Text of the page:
Starting next week, dozens of basketball teams, hundreds of players and thousands of fans are expected to be in Anchorage for March Madness Alaska, a two-week stretch of state high school basketball tournaments at the Alaska Airlines Center.
As of Tuesday afternoon, the spreading coronavirus has not changed the game plan.
“At this time activities are proceeding as usual,” said Billy Strickland, the executive director of the Alaska School Activities Association.
“... We have assured the governor and others that if the Department of Health and Social Services says. ‘You shouldn’t have it,’ we won’t balk. It will be shut down.”
ASAA officials are monitoring information coming from the Centers for Disease Control and Prevention as well as relying on advice and information from the state’s Department of Education and Department of Health and Social Services, Strickland said.
“It’s a fluctuating, ever-evolving situation and we have to check in daily to see where we’re at,” he said. “At this point there hasn’t been a case reported in Alaska, so we’re going to proceed with that.”
March Madness consists of eight boys and girls tournaments in four divisions ranging from Alaska’s smallest schools in Class 1A to its biggest in Class 4A.
Thousands of people from nearly every corner of Alaska gather at the Alaska Airlines Center for the tournaments. The 16-team Class 1A boys and girls tournaments are scheduled to run next Wednesday through Saturday and 8-team Class 2A boys and girls tournaments are scheduled to run next Thursday through Saturday; the 8-team Class 3A boys and girls tournaments and 8-team Class 4A boys and girls tournaments are scheduled for March 25-28.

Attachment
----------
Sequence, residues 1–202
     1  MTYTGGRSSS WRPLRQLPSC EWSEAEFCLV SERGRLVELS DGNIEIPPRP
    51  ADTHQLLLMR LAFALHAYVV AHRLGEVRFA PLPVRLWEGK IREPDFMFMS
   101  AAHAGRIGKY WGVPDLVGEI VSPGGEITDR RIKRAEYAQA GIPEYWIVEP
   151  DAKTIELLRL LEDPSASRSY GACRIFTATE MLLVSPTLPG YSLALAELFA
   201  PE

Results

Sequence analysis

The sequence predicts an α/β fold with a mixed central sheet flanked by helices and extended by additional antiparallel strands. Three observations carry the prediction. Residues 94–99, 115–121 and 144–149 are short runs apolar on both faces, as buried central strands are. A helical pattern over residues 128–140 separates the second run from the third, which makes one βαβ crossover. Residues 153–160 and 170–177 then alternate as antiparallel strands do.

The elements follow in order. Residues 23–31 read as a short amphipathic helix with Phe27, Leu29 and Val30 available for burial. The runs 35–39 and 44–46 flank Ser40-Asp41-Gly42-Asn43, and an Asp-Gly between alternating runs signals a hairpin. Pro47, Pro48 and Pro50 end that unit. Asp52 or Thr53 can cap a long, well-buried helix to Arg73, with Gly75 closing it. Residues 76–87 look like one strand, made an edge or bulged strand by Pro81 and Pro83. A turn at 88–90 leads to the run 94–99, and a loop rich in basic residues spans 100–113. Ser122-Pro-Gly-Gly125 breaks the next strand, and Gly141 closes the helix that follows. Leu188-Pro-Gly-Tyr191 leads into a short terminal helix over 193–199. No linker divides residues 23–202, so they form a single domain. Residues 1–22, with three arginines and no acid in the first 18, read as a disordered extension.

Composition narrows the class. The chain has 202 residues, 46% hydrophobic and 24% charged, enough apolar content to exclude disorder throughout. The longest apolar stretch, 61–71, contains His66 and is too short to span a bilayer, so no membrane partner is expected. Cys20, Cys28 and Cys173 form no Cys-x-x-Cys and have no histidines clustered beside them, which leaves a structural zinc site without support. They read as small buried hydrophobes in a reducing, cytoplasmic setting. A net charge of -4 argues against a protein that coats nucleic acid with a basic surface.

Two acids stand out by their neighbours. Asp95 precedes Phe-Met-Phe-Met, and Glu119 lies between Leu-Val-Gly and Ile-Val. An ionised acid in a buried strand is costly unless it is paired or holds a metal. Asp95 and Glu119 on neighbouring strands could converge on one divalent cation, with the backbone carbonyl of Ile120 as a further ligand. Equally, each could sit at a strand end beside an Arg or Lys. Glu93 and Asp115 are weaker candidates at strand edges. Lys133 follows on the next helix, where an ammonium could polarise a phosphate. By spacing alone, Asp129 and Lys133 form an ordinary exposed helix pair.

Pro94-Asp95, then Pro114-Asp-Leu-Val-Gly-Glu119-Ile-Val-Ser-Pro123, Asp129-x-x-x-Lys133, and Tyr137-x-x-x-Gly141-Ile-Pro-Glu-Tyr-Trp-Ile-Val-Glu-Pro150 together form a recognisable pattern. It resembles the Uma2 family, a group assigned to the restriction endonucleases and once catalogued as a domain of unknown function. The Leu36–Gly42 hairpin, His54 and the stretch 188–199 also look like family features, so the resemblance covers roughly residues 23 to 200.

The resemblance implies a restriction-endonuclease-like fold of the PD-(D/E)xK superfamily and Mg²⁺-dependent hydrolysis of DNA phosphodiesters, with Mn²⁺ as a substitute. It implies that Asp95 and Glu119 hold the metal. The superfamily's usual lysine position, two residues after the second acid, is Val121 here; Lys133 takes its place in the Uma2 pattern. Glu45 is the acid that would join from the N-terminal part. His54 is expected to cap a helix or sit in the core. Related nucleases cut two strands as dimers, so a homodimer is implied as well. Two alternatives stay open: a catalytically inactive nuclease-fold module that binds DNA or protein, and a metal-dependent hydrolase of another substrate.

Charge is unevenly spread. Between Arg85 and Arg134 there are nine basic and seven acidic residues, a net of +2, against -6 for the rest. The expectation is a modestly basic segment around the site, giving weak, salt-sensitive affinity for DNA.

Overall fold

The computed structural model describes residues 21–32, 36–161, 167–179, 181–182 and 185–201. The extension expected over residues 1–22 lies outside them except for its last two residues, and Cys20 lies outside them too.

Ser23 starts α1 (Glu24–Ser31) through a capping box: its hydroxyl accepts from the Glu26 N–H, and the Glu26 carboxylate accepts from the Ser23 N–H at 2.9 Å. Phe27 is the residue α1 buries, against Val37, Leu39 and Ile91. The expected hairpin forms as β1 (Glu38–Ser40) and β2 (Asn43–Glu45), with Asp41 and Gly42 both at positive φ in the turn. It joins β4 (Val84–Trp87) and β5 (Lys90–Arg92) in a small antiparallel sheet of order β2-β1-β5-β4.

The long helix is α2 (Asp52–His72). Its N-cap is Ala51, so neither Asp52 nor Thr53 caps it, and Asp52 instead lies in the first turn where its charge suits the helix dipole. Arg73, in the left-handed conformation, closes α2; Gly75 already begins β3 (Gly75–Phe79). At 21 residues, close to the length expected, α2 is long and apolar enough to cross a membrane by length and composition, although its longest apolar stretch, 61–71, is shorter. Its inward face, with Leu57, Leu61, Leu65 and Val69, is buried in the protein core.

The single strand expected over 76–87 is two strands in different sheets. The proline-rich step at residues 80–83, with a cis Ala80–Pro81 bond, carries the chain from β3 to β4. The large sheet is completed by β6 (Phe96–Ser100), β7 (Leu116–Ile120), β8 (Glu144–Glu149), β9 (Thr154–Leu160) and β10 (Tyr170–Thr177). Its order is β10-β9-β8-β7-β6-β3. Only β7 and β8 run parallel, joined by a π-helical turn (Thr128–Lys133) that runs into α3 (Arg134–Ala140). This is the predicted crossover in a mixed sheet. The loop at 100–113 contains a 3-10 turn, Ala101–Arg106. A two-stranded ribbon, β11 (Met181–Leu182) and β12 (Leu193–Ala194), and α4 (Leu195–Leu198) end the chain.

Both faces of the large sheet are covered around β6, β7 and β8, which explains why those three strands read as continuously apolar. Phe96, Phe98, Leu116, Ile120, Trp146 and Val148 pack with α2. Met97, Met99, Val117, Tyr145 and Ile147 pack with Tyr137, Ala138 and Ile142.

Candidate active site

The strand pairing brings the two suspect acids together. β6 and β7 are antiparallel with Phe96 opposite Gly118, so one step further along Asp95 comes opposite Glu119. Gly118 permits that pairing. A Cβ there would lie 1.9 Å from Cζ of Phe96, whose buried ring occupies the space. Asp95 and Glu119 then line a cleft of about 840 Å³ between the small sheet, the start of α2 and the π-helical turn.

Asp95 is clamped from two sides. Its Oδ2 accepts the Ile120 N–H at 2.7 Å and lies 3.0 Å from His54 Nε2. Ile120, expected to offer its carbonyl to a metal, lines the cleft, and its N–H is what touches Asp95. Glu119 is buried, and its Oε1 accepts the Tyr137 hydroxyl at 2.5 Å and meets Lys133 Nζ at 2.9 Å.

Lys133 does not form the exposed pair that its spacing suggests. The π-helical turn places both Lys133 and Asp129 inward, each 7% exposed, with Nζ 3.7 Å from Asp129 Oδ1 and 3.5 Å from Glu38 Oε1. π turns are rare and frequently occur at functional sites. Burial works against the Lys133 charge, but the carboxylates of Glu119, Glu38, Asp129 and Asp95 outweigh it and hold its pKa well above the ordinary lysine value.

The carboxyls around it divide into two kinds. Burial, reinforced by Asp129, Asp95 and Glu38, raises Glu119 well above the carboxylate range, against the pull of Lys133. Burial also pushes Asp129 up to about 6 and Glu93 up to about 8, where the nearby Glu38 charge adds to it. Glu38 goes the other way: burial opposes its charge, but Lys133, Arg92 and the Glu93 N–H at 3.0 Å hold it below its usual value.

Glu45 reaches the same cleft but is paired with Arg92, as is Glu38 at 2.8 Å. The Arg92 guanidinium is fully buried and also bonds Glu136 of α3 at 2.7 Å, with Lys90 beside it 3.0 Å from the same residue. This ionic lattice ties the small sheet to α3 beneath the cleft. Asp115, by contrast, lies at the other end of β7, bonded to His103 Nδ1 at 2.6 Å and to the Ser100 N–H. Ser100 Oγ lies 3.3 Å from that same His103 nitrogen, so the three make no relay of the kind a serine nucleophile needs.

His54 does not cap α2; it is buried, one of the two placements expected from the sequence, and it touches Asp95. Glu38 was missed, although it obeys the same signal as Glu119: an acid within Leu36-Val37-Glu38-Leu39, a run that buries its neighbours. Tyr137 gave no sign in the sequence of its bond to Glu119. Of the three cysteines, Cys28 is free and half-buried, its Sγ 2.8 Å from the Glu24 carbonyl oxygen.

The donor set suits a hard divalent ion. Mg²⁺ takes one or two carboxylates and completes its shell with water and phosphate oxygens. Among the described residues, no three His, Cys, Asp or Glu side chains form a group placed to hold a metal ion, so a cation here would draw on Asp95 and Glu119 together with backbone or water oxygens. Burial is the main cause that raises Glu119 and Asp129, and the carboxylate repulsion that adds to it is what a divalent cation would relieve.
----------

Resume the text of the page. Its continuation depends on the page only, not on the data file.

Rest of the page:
Concern over COVID-19 prompted the cancellation of the Arctic Winter Games, which were scheduled to begin Friday in Whitehorse. A contingent of 325 Alaskans, most of them young athletes, was expected to attend.
The Special Olympics Alaska Winter Games, a three-day event scheduled to begin Friday in Anchorage, was also canceled — a result of a worldwide suspension of Special Olympics activities for the rest of the month. More than 200 people, including athletes, were expected to attend the Alaska games.
Last year, the state high school basketball tournaments attracted more than 32,000 spectators to the Alaska Airlines Center according to an ASAA fact sheet.
In addition, the tournaments brought 80 basketball teams, more than 20 cheerleading teams, 250 staff and 125 volunteers to the Alaska Airlines Center during the two weeks of competition, ASAA said.
Before the state tournaments begin, they are proceeded by dozens of conference tournaments all over the state.
“Last weekend we had 11 conference tournaments, and there are a bunch more this week,” Strickland said. “We’re really trying to remind everybody to take those preventative actions to stop the spread of germs.”
Once the tournaments begin at the Alaska Airlines Center, there will be hand sanitizer available for teams, staff and volunteers, and teams will have adequate access to locker room showers after games, he said.
“We’re also working with the arena in terms of things we can do for the fans,” Strickland said, “but we’re recommending if you’re not feeling well, you should stay home, and if you’re in a high-risk category, we encourage them to stay home and take advantage of our live-stream coverage.”
March Madness Alaska is a big source of revenue for ASAA and cancellation would require the nonprofit group to dip deep into its reserve fund, Strickland said.
“We’re not going to do anything that would be risky," he said. "The biggest thing I would feel sorry for is those seniors or those teams going for a championship. You just don’t get that back.
"The reality is if it’s canceled, it’s a really hard event to reschedule,” he said. “... If it’s canceled we’d be in a position where we’re not going to postpone it for a week. When would it be clear to resume (activities)? That would be hard to predict. A week’s not going to make a difference.”